Give it a little listen to Judy’s jubilant live rendition of Somewhere Over the Rainbow–you’ll get just what I mean.


Filed under Memoir

Why I won’t be disappointed in New York

Some people go to Church....others read Vogue.

I’m going to New York and all anyone can say is: You might be disappointed. Maybe because when I talk about my trip I look like a one of the short folks in Wizard of Oz when Glinda arrives, fairy dust coating my eyes, with visions of lunching with Carrie and shopping with  Hepburn at Tiffany’s. I know what they’re thinking given my childlike demeanor but no amount of sober reality will deter my experience from being amazing. Here’s why:

  1. Breakfast at Tiffany’s. When I was around 6 or maybe 7, my dad had a heart attack while he sat across from me at the kitchen table. Luckily, my Uncle Murray was there and took him to the hospital along with my mom. For some unknown reason, my house was not in fact full of a 100 people and I snuck into the den perhaps in part to escape the afternoon’s tragic turn of events and turned the television on. I entered a world called Breakfast at Tiffany’s and in no small way I very likely have never come back from that fabulous place discovered on that eerily quiet afternoon.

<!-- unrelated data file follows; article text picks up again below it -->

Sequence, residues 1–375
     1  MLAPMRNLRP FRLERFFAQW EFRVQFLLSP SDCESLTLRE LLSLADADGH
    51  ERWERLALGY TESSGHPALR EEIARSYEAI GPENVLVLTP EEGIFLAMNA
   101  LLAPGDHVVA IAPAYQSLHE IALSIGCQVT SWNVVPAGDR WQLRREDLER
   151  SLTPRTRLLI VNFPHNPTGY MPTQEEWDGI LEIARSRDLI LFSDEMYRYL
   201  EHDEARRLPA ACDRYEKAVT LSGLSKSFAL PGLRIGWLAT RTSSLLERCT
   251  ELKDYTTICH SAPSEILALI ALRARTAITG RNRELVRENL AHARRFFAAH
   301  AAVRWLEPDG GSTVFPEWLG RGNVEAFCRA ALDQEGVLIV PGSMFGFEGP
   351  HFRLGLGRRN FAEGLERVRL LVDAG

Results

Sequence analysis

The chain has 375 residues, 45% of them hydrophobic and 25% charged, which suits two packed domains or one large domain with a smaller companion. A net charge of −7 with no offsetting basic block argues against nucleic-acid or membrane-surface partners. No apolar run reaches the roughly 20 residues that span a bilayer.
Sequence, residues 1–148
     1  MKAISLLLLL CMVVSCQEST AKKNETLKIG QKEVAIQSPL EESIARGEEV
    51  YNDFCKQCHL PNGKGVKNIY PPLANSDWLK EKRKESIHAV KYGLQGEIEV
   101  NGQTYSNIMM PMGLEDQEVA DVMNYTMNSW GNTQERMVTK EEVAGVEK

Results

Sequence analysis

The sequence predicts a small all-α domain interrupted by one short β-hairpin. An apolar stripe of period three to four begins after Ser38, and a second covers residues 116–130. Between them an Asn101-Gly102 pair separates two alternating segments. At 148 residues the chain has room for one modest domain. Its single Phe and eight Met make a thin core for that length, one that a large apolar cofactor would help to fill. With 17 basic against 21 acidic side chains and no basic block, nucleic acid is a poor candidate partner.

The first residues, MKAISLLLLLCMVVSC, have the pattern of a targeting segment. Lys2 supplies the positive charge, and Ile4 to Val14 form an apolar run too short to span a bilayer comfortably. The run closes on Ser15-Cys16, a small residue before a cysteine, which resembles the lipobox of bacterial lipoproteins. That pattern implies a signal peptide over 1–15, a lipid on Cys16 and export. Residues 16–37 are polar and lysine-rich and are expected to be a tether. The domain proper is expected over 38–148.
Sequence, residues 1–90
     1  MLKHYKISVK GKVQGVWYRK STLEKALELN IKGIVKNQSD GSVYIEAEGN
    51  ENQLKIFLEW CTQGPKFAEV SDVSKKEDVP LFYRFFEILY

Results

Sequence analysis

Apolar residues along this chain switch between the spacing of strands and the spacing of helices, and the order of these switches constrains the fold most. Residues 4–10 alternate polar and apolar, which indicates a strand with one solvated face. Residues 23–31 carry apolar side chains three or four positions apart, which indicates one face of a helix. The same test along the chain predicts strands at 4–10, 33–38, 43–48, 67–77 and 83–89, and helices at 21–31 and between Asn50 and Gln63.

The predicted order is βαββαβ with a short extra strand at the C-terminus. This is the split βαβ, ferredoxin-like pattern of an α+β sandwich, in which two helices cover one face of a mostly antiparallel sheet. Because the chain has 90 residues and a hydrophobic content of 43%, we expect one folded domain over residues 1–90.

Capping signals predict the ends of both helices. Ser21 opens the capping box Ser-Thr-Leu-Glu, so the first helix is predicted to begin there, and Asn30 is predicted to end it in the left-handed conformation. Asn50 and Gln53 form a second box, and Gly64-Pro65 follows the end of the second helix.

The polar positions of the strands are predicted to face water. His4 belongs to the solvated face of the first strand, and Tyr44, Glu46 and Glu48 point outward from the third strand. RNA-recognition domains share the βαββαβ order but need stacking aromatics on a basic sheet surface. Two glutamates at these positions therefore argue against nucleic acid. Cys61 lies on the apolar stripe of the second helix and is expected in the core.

2. Vogue. I bought my first Vogue at around this same time, and have devoured approximately 45,000 fashion shoots in New York and know full well that Paris may be where the couture is, but the Queen of Fashion, Anna Wintour, lives in New York as well as her creative genius, Tonne Goodman. Both are up in those Vogue offices dreaming of the next issue and I’ll be thrilled to be in their storied world however briefly.
  3. Art. Lots of art. Street art. Ancient art. Fashion art. Dance arts. Theatre arts. Architecture. Some of the greatest art in the world. Humbled and joyous will be a mix of what I’ll feel I’m sure.
  4. Central Park. How can you go through life never having kissed in Central Park?
  5. The Plaza. C’mon, do I need to explain this one? I grew up in a crib that was then made to resemble a bed, with ice on the inside of my bedroom windows, and linoleum floors so ugly my toes curled up in disgust.

I won’t be disappointed.

I will love, love, love New York and fingers crossed I even have the wherewithal to leave the promised land after I arrive.


Filed under Humour